This morning’s Today programme featured Tracey Brown of Sense About Science (a valued partner organisation in the Libel Reform Campaign), cardiologist and libel tourism victim Peter Wilmshurst, and Shadow Justice Secretary Dominic Grieve.
You can listen to it all here (07.37 for Tracey, 08.48 for Wilmshurst and Grieve).
Worryingly, Dominic Grieve doesn’t seem to think there’s anything wrong with English libel laws, besides the expense. While expense is a serious concern, it is by no means the main one, as Grieve claims. He posits that people sue in London because of the potential earnings. But this would seem to miss the point: the earnings are attractive, but it is the favourable prospect of winning that makes it worth bringing a case: it is, currently, not a huge gamble to bring a defamation case.
Addressing the specific case of Peter Wilmshurst, Grieve said it was “remarkable” that someone had “chosen” to sue the cardiologist in England. Sadly, it is not remarkable that NMT has “chosen” to bring a suit against Wilmshurst in London. What is remarkable that NMT can bring the suit here.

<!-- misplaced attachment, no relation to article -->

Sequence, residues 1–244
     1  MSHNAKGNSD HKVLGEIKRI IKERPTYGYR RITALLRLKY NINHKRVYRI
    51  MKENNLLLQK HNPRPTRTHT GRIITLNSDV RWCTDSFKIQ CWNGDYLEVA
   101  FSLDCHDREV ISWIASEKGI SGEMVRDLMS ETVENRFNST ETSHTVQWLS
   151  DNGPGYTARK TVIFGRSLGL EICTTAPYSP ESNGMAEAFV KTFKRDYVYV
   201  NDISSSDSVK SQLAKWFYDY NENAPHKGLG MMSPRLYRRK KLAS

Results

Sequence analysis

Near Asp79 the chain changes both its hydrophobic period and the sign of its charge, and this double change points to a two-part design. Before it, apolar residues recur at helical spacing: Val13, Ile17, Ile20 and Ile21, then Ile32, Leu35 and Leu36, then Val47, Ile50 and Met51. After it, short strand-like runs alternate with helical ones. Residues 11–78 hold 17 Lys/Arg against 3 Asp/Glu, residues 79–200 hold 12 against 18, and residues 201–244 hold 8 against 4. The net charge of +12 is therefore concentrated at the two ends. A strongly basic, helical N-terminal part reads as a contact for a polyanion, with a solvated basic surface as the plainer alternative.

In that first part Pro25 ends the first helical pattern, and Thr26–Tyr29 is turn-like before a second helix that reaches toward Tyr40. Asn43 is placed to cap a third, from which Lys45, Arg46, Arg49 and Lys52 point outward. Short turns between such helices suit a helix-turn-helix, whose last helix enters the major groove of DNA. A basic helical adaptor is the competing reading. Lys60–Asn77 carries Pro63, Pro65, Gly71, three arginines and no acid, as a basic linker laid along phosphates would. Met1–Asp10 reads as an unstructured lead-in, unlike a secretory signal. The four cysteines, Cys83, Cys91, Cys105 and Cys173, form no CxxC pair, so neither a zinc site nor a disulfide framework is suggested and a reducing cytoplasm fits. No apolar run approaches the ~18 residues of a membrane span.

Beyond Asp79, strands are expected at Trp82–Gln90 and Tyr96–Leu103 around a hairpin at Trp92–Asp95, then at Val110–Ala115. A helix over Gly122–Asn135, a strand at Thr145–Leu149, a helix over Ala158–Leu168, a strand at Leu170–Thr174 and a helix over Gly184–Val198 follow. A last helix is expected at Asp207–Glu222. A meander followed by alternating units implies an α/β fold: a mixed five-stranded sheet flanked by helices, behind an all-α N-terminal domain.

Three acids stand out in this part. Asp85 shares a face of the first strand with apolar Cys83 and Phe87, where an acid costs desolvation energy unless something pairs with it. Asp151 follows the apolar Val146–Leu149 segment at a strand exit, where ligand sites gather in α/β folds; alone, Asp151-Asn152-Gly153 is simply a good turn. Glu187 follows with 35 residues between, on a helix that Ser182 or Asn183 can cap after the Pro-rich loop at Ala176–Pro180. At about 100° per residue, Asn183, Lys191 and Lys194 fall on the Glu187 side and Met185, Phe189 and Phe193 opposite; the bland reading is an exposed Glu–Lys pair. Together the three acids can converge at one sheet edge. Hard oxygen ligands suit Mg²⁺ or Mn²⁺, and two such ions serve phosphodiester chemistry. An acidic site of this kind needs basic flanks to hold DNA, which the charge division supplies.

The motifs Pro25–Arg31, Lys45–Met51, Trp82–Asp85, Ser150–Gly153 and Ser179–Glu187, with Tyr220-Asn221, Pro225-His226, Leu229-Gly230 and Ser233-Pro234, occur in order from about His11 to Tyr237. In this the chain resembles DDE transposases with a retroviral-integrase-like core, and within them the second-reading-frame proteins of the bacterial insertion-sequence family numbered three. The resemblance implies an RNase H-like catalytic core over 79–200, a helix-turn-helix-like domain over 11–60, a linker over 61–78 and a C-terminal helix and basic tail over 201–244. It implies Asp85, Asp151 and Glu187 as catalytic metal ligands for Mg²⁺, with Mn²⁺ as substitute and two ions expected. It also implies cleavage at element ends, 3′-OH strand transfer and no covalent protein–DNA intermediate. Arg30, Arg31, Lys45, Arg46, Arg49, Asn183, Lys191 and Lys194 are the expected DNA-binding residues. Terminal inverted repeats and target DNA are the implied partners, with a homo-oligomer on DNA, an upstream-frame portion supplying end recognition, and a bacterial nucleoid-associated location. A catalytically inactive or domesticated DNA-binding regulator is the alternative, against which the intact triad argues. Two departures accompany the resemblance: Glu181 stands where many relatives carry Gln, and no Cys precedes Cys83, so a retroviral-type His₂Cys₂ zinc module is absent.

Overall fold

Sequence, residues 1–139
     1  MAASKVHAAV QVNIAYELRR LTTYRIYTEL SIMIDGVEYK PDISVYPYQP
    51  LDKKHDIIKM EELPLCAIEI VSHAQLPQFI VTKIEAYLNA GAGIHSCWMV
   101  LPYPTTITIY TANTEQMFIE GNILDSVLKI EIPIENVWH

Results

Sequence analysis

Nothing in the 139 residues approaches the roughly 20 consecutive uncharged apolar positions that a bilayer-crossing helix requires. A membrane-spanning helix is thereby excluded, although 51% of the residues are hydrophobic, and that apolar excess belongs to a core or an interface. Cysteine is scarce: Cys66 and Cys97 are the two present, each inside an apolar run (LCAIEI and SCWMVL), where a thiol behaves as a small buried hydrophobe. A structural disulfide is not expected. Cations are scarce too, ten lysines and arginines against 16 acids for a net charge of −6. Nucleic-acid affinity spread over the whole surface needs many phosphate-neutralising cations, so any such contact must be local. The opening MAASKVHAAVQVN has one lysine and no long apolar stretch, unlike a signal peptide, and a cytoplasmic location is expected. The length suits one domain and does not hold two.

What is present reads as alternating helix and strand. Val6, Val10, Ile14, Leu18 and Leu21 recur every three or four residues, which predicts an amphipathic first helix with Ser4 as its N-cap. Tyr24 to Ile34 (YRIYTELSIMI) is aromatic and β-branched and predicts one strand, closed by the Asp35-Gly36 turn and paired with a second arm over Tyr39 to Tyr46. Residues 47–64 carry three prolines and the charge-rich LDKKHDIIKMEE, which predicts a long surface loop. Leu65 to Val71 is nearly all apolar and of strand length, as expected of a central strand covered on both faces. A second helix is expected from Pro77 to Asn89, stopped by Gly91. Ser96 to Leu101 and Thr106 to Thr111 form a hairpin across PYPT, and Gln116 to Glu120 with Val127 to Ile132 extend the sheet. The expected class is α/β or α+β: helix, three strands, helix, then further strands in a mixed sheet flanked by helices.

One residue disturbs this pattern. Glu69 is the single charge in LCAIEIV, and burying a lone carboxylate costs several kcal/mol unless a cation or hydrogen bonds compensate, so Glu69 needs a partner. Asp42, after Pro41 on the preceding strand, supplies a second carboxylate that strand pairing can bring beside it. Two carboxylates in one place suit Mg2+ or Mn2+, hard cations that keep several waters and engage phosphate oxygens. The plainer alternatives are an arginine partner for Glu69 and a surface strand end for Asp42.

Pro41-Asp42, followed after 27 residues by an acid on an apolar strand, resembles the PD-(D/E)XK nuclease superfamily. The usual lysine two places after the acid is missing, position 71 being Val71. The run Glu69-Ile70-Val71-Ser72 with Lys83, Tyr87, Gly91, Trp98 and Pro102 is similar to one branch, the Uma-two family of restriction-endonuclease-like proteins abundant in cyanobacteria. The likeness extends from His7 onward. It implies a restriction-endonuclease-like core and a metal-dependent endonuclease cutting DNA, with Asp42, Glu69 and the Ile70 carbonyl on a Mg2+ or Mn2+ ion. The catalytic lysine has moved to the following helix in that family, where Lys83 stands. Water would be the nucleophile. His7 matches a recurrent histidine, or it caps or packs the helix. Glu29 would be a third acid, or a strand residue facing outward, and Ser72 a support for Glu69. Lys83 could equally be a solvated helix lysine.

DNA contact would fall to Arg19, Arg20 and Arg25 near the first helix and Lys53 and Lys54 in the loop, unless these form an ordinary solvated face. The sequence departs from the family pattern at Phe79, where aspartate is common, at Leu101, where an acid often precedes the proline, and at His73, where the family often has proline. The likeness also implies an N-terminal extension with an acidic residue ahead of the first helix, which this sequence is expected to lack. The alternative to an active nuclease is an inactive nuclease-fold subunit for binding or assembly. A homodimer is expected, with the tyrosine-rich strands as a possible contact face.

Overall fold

On libel tourism, Grieve went on to say that if a foreign-published libel is “widely reproduced” in the UK, then a person should have a right to sue: well, quite. But no one, at least not Index on Censorship, English Pen or Sense About Science, has suggested otherwise. The key word is “widely”, a question addressed in Index and PEN’s report.
With the Lib Dems committed to reform, and Labour’s Jack Straw at least making positive noises, isn’t it time the Conservatives started taking libel seriously?